Indonesia has become the world’s largest deforester, surpassing even Brazil.
The Leuser Rainforest is the last place on earth that still has elephants, tigers, rhinos, and orangutans living in the wild together. And there are no prizes for guessing why that is the case. Sadly, because of our thirst for profit and palm oil, this last sanctuary is under threat.
Here are 5 reasons why Indonesia’s deforestation rates are the worst in the world…
1) Plywood- no good!
Plywood, that cheap ‘thrown together’ sheet wood, has been a key part of our lives for years. It’s everywhere. Floors, fences, scaffolding, furniture, sports equipment and music instruments. In 1980, Indonesia supplied 40% of the world’s global market.
When President Suharto came to power in 1966, Indonesia’s economy was poor. To push foreign direct investment (as always), Suharto gave the green light for huge exploitation rights: one report states that in three years, 1967-1970, 53 million hectares were gifted to global logging companies. These foreign companies had a local partner of course, the main one being Apkindo, owned by Bob Hasan who became one of the richest men in the world in 1994. Oh yeah, did we mention he was Suharto’s best buddy?
The plywood industry really began the whole logging industry in the country, but sadly, according to one report, up to 73% of Indonesia’s logging is actually done illegally.
2) Transmigration? You mean deforestation?
Indonesia’s population is distributed pretty terribly. At one point 70% of the population lived on 30% of the land, mainly on Java. So the government made a plan to redistribute the population from urban to rural areas, with incentives. Many were moved to Kalimantan which resulted in huge problems, but mainly the massive land clearing to provide space for the +3.5 million people that were resettled by 1990. By the end of the scheme, the government gave 2.7 million hectares of land to these transmigrants, who then found that after the clearing of forest and peat, the land could not be farmed and they had no livelihood.
3) Pay the price with Mega Rice
Having not really learnt from their transmigration scheme, Indonesia tried again with the Mega Rice Project in 1996, which was in fact tied to transmigration. The idea of the project was to turn ‘unproductive’ peat swamp and forest land into rice paddy, helping to alleviate the country’s rice shortage.
They gave 1 million hectares for this project, and the result? Huge emissions of CO2 from peat burning, loss of wildlife for the orangutans, as well as useless and unproductive ground that cannot survive without its forest/peat environment. Goodbye precious greenery.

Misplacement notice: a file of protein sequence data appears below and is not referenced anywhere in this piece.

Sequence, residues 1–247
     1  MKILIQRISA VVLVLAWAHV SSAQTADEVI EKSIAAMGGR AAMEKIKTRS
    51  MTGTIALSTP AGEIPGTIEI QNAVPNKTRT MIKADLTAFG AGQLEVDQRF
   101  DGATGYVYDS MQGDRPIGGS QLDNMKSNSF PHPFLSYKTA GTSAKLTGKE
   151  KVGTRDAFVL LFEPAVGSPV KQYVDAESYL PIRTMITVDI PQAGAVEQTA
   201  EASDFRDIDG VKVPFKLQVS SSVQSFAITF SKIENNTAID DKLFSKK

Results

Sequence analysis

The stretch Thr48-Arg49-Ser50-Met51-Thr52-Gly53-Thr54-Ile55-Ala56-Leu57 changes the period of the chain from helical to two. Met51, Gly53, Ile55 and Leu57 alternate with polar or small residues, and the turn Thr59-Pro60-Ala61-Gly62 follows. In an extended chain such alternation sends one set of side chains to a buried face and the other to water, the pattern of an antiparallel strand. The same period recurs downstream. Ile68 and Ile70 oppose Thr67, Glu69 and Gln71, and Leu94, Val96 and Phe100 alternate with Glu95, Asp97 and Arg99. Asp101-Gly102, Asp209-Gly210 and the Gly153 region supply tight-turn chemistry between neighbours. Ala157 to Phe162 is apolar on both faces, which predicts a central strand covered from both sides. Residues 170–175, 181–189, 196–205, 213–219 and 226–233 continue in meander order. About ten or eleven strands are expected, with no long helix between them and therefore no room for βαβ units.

4) Come on baby, light my (forest) fire
Subsistence farming and land clearing for commercial use has resulted in huge problems for Indonesian forests. Perhaps it can be seen as a secondary cause since the land is being cleared anyway, but the poor management of such deliberate fires has lead to massive cumulative destruction over the years.
In 1997, slash-and-burn techniques used by local farmers in Kalimantan and Sumatra led to the largest fires recorded in the last 200 years! These fires alone resulted in an estimated loss of between 4-8 million hectares of primary forest… and apparently killed off a third of all orangutans. Not cool.
5) Blood boiling over palm oiling
According to a guardian report, Indonesia supplies around half of the world’s demand for palm oil – only 35% of which is certified sustainable palm oil, according to the Malaysian Star.
The demand for palm oil is increasing however, whether it’s used for cooking, processed food products or as a biodiesel -marketing itself as a greener fuel… It’s a big business and is truly incumbent in the life we live everyday – just have a look at these products made by palm oil!
It’s probably the biggest, hottest topic right now regarding deforestation, and so it should be – it has become the single biggest cause of deforestation in the country. It’s a hard pill to swallow, but Indonesia has over 6 million hectares (2013) of oil palm plantations that we know of, with 4 million hectares more to be added to that by the end of 2015 according to Greenpeace.
Conclusions: are we doomed?
Its true, all we have discussed here has been quite demoralising, very depressing and some down right outrageous! Fear not, however, it seems there are wheels in motion that may help this dire deforestation issue.
For one, the Norwegian government signed a 1 billion dollar agreement with Indonesia in 2010 to reduce its CO2 emissions, which includes reducing deforestation. In 2013, then president Susilo Bambang Yudhoyono established an official Reducing Emissions from Deforestation and Degradation (REDD+) agency.
Better yet, Indonesian people have taken matters into their own hands. With the growth of crowdsourcing in the country, people have taken to the internet to spread awareness and do their part. Check out Tomnod’s Global Forest Watch Campaign for more information.
But it will take, effort, awareness and action from all of us.